Six Things to Know Before Buying a Pair of Skis
(Bloomberg) -- Perhaps you’re fed up waiting in rental lines, or your aging gear has you coasting down the slopes on the alpine version of a rotary phone. No matter what your motivation, buying skis can be daunting. To demystify the process, we sourced pointers from two industry veterans who have sold thousands of pairs of skis over their combined 36 years in the business: Dawn-Marie Jackson, who manages Sport Thoma at the base of New Hampshire’s Waterville Valley, and Jon Crowley of Mammoth Mountaineering in Mammoth Lakes, Calif. If it’s time to hit the ski shop, here’s what they say you need to know.
Skip the Internet
Finding a reputable, brick-and-mortar ski shop is the most important step you can take to ensure you buy equipment that’s best suited for you. Ideally it’s a store near where you ski the most, says Jackson—that way, the staff can point you toward gear that’s optimal for the mountain’s weather and terrain.
How to know which shops are best? Ask the locals and weed out any salespeople that overwhelm you with tech specs. (That’s a better indicator that they’ve memorized the manuals, rather than truly knowing the equipment.) And don’t be surprised when a salesperson asks your weight (and be skeptical of one who doesn’t)—it’s a far more important indicator of what length skis you should be on than your height.
Don’t Assume You Need “the Best”
You’ll get your money’s worth from a four-figure ski purchase only if your ability is as top-notch as the gear. For the average recreational skier, it’s reasonable to spend $600 to $800 for a solid kit of new skis, boots, and bindings.
Prioritize the Boots
It may sound counterintuitive, but your boots are far more important than your skis. “You’re standing on a couple of sticks,” says Jackson. “Control, power, responsiveness—it comes from your feet.” If you’re not buying a bundled deal, this is the single purchase to prioritize.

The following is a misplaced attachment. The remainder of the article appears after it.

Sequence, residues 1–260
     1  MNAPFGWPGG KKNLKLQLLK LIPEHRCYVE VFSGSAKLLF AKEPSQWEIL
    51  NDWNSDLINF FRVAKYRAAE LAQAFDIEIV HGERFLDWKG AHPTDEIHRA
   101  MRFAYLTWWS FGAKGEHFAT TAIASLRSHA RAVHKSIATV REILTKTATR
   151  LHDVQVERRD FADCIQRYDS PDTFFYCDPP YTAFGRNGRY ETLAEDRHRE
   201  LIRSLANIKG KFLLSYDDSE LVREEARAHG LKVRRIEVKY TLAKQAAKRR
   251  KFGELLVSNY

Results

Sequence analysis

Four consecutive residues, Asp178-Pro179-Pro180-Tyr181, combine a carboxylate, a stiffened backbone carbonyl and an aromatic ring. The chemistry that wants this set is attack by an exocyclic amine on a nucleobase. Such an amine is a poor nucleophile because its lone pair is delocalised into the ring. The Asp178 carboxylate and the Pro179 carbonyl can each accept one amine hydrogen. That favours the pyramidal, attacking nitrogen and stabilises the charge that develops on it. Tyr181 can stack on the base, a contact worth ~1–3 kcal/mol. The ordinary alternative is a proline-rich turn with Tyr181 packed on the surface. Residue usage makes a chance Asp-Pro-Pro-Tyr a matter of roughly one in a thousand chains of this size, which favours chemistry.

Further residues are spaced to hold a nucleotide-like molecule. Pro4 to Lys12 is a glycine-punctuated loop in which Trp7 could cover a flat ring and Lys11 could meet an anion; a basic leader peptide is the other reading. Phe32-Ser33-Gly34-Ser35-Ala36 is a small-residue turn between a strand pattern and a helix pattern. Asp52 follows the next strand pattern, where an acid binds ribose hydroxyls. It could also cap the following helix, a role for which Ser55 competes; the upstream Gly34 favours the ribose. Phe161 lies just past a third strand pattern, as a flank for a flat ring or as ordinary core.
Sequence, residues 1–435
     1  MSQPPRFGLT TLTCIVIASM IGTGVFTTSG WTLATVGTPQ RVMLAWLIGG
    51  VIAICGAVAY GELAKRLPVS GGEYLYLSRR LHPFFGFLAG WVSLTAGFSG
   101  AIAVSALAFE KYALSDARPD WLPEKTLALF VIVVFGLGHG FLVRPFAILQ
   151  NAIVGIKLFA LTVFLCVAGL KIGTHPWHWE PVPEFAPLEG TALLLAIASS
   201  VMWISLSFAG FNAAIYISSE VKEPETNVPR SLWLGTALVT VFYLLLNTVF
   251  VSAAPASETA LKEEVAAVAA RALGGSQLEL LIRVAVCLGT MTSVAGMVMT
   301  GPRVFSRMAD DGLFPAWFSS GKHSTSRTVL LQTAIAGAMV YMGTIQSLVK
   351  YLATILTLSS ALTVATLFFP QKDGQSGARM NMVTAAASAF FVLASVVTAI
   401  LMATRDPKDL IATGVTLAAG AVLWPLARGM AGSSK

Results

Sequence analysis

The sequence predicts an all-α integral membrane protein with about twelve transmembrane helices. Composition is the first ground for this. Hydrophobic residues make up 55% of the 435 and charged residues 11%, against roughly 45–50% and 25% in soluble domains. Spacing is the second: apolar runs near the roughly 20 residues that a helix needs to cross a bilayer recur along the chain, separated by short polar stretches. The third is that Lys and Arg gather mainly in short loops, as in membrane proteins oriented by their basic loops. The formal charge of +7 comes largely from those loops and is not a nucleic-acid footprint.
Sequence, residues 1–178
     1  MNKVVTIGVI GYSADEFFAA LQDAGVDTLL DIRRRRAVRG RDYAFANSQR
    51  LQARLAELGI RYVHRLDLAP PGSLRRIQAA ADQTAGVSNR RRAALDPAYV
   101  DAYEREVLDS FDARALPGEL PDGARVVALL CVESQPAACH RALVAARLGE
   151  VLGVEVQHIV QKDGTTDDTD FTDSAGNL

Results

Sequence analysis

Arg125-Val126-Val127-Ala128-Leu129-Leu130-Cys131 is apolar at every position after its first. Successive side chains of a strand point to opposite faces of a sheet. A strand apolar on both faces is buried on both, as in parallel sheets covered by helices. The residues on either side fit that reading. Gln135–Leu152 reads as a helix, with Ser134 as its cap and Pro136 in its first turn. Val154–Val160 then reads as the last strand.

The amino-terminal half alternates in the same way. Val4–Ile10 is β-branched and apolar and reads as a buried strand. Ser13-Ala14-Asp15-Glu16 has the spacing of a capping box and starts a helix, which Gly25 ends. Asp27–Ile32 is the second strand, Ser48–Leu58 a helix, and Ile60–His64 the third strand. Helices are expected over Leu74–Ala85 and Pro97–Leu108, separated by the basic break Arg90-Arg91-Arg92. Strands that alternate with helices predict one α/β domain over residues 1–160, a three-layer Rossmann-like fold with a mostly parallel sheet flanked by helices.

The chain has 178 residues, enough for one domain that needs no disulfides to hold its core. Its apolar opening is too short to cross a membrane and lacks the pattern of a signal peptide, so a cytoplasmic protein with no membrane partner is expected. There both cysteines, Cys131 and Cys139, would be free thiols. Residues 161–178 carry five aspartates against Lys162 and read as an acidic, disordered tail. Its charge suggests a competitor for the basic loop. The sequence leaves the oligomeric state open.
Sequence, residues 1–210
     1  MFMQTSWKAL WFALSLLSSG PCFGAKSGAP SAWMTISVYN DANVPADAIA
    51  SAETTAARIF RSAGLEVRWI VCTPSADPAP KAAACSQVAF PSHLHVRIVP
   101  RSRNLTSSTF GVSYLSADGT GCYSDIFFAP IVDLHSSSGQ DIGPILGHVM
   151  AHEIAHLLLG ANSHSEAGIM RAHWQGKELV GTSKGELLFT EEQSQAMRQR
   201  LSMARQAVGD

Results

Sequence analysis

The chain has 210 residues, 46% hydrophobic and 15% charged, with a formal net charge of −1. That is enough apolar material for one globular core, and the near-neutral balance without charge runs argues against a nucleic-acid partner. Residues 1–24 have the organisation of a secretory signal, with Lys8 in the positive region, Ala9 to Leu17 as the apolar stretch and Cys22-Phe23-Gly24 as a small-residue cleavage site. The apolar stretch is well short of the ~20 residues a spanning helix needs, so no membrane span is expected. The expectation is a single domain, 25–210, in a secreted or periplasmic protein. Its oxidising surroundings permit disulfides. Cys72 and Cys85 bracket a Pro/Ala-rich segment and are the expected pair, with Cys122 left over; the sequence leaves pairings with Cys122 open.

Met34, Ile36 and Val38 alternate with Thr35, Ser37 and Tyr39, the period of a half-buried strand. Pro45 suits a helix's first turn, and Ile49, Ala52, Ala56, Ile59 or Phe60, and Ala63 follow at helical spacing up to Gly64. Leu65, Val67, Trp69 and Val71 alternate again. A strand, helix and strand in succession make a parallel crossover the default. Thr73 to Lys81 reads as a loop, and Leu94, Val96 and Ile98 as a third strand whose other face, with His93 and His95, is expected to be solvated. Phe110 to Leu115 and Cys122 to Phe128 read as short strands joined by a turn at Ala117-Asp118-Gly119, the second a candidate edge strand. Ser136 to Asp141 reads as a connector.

A few pointers: Boots should fit more snugly than regular walking shoes, such that you won’t be able to tell where your boot starts and your foot ends. Try them on with the ski socks you wear on the hill, which helps prevent a common sizing pitfall. And find a good boot fitter, who can mold, melt, and tweak the fit as much as necessary. (The fitter might also recommend custom insoles, which are often well worth the money.)
Be Honest With Yourself
Do you aggressively zoom down the hill, or do you prefer a more timid pace interrupted by plenty of photo ops and hot chocolate breaks? Do you want gear that can grow with you as you improve, or are you just trying to get the best value possible? Are groomed runs your go-to, or are you more likely to be off hunting for pockets of powder in the trees? A good salesperson will ask questions like to these to determine the right length, width, and shape ski for you.
There are rules of thumb. According to Crowley, narrower skis that measure 84mm or less will perform better on harder snow (such as the icy groomers typical of New England), while fatter skis that are 85mm or wider are better on softer snow (think blue-bird powder days in the Sierras). All-mountain designs offer the versatility that their name implies, for those who split their time between different types of terrain.
Generally speaking, most nuances of construction are all but irrelevant for most recreational skiers. Plus, the market has largely conformed to a “rockered” shape, characterized by tips that rise gradually off the snow. It helps skiers ease into turns, keeps the ski floating in deep powder, and makes a smoother ride out of choppy terrain.
Try Before You Buy
In a perfect world, you’d demo three different skis—all on the same day, on the same terrain, and in the same weather conditions—to eliminate external variables and simply focus on what’s under your feet. “If you want the perfect ski, it’s really nice to have that luxury,” says Crowley. Think of this as an investment of time rather than money: Most shops charge a daily demo fee that can be applied toward a purchase.
Importantly, when testing new gear, don’t expect your old sizing to carry over to a new purchase. Just as with clothes, you won’t necessarily be the same size across different styles, and brand-specific size charts are based on factors that are subject to change like your weight and ability.
Finally, Don’t Stress
“This isn’t rocket science,” says Jackson. “We’re selling fun.”
And do yourself a favor, to help your gear last: At least once a season, spring for a tune and wax.
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